Other cattle in attendance are from the Winnifred Hoffman Family of Earlville IL an there BestYet A.I. Sires Farm where they raise Dutch Belted and traditional Milking Shorthorn dairy cattle. The Dutch Belt has the distinctive white belt around its middle with a black fore and aft.

    Jim Ward of Ohio has Dominique and Black Java chickens which are the two oldest breed of American chickens. In the late 1800s the White Java was developed and the Auburn Java has been a modern day variety developed by Lyle Behl having obtained from the Museum of Science and Industry some of the hatchings that came out of the Garfield Farm Museum flock. Behl will also have Icelandic chickens and Clyde Grover will bring his French Wheaton Marans. The new Lavender Orpington chickens, Snowy Ducks and Pilgrim geese will be represented as well. 

    Humans have depended on other animals to help in the daily task of survival. Although not domesticated, the use of falcons and hawks to hunt for game puts these birds in with working animals. Cathy Blecker of Campton Hills will display her raptor and discuss the history of falconry. More familiar as working animals are canines. Deb Rock's Anatolian sheep dogs were breed to protect flocks of sheep from predators.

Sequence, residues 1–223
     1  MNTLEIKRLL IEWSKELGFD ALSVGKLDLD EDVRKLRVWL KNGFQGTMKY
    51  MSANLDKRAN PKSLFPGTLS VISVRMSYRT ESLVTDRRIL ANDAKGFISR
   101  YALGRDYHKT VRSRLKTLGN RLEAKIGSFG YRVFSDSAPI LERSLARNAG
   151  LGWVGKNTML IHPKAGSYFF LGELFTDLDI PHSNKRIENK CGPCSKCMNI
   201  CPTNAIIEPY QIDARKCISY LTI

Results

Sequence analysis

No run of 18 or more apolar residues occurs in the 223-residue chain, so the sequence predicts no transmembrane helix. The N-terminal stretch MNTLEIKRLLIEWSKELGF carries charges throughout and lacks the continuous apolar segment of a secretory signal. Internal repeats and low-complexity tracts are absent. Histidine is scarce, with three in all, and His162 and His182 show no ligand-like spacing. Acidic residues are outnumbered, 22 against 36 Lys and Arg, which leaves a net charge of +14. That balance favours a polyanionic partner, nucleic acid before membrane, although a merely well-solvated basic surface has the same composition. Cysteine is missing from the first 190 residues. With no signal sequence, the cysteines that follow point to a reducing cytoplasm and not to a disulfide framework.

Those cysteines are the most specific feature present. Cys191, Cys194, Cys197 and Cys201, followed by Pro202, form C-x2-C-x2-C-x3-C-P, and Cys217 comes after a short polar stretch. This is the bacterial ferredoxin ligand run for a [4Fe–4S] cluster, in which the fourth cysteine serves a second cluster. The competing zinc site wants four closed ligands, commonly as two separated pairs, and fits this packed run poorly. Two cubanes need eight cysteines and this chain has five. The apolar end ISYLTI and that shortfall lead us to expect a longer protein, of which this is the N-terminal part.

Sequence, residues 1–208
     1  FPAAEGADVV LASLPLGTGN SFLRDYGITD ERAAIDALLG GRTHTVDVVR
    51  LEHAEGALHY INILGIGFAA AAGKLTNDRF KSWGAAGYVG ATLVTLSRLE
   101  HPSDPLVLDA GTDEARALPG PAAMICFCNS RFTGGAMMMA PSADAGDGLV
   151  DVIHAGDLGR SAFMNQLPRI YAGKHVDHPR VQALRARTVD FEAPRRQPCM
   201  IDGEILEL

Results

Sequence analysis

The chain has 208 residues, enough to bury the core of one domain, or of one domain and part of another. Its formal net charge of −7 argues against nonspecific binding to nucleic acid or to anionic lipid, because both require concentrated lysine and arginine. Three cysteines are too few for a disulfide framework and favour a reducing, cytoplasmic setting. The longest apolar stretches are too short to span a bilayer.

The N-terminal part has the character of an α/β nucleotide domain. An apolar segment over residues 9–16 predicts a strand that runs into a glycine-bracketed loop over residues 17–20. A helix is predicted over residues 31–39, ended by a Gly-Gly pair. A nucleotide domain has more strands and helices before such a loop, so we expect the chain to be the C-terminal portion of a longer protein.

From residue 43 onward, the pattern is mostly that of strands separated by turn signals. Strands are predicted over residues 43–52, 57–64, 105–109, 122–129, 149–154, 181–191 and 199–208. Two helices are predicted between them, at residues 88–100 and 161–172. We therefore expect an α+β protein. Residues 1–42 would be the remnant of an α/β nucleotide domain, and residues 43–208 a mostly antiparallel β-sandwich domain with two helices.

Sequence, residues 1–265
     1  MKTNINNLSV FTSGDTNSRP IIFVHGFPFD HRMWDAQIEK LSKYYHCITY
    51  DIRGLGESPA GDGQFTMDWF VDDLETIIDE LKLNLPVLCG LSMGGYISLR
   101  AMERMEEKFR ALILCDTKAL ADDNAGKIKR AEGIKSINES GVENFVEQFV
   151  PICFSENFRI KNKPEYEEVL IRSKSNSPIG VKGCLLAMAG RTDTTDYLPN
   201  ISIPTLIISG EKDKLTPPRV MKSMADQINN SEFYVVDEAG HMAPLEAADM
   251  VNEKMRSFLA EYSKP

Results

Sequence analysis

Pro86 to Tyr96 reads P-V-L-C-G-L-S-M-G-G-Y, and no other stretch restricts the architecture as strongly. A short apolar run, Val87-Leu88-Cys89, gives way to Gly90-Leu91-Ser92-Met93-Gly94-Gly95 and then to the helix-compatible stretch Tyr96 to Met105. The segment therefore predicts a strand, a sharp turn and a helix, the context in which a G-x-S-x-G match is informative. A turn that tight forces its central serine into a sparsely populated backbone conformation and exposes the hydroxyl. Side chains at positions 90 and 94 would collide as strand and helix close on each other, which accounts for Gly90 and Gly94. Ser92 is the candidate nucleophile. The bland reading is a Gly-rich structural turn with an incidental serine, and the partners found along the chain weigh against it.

American Guinea hogs are a breed that developed in the southeastern United States. Once very common they are now quite rare and their meat is prized by chefs for making European style cured meats or for lard for fine pastry baking. Now again popular for its taste, the Berkshire hog will be represented as part of the museum's livestock collection. On the opposite extreme of flavorful fat in pork is the Red Wattle hog. This breed almost extinct in the 1960s is so lean that frying it requires cooking oil or fat. Clyde Grover of Rockford, the most faithful exhibitor at this 32 year old show will bring his as well as his Katahdin sheep, a variety that sheds its wool and is values for meat.